Making Climate Leadership Meaningful: Energy Research as a Key to Global Decarbonisation
2015 (English)In: Global Policy, ISSN 1758-5880, E-ISSN 1758-5899, Vol. 6, no 2, 107-117 p.Article in journal (Refereed) Published
This article revisits a number of familiar debates about climate change mitigation yet draws some unorthodox conclusions.First, that progress towards a renewable small-scale energy future in environmentally conscious countries such asGermany and Sweden may take the world as a whole further away from climate stability by reducing the political pressureto finance breakthrough innovation. Second, that without such game-changing innovations, developing countrieswill continue to deploy whatever technologies are domestically available, scalable and affordable, including thermalcoal power in most instances. Third and finally, that as any realistic hope of achieving climate stability hinges on theinnovation of breakthrough technologies, the urgency of climate change calls not so much for the domestic deploymentof existing energy technologies but rather a concentrated effort to develop technologies that will be adoptedglobally. These arguments imply that national innovation policy, and an international treaty establishing a ‘Low-EmissionsTechnology Commitment’ should be the central focus of climate policy.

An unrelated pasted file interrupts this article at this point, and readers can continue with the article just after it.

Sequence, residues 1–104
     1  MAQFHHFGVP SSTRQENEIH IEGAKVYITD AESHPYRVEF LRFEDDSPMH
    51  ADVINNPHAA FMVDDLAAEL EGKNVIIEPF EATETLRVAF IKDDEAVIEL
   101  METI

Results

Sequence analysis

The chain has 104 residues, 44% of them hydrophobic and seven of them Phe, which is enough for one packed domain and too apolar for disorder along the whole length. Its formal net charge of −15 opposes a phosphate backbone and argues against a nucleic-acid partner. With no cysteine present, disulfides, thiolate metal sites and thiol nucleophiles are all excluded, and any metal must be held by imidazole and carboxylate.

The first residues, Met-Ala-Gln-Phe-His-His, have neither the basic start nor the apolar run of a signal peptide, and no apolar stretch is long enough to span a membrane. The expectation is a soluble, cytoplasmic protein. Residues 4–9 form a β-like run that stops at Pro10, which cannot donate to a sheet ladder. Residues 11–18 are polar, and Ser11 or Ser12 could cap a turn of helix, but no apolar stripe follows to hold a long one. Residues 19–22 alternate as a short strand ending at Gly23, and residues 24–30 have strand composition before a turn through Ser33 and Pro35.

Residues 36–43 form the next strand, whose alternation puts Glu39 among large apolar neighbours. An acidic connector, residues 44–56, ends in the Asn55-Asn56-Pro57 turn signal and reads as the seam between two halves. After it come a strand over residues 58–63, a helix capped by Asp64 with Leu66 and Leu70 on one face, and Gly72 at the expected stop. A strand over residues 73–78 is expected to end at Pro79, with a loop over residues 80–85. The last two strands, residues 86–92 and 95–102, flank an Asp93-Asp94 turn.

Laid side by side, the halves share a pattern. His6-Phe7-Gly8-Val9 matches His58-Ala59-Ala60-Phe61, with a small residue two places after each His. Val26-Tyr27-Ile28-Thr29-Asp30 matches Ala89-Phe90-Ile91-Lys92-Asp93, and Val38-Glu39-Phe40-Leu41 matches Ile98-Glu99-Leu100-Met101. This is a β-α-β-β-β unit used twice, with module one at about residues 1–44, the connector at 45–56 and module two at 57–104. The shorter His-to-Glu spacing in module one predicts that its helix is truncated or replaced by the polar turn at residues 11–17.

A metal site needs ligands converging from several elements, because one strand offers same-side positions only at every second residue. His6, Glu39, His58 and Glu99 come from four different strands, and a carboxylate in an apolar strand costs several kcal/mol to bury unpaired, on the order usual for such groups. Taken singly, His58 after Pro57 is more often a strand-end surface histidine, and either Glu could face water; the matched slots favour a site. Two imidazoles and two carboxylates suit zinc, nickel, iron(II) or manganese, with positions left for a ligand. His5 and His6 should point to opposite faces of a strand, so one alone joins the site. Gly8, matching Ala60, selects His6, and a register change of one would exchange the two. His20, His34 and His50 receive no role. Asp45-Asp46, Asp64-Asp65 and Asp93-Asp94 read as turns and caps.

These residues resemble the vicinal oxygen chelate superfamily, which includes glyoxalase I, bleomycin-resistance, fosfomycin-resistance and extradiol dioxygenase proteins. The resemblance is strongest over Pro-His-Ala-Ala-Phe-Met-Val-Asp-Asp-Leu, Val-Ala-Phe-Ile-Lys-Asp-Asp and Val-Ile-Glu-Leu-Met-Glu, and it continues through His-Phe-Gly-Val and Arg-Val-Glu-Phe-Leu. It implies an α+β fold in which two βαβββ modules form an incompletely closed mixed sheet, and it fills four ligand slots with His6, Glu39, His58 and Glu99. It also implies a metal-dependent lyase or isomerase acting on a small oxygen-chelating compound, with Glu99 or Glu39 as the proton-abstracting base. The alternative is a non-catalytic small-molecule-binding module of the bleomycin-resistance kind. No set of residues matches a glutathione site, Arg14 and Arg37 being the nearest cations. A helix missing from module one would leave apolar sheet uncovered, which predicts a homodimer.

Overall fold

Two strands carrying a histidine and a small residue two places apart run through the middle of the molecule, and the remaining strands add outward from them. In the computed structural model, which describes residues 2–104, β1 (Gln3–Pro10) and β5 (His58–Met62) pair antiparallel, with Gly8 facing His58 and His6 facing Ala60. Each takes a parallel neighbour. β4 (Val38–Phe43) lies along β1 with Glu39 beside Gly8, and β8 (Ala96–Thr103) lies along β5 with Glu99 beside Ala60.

Place, publisher, year, edition, pages
2015. Vol. 6, no 2, 107-117 p.
Political Science (excluding Public Administration Studies and Globalization Studies)
IdentifiersURN: urn:nbn:se:umu:diva-101239DOI: 10.1111/1758-5899.12192ISI: 000353972200003OAI: oai:DiVA.org:umu-101239DiVA: diva2:798098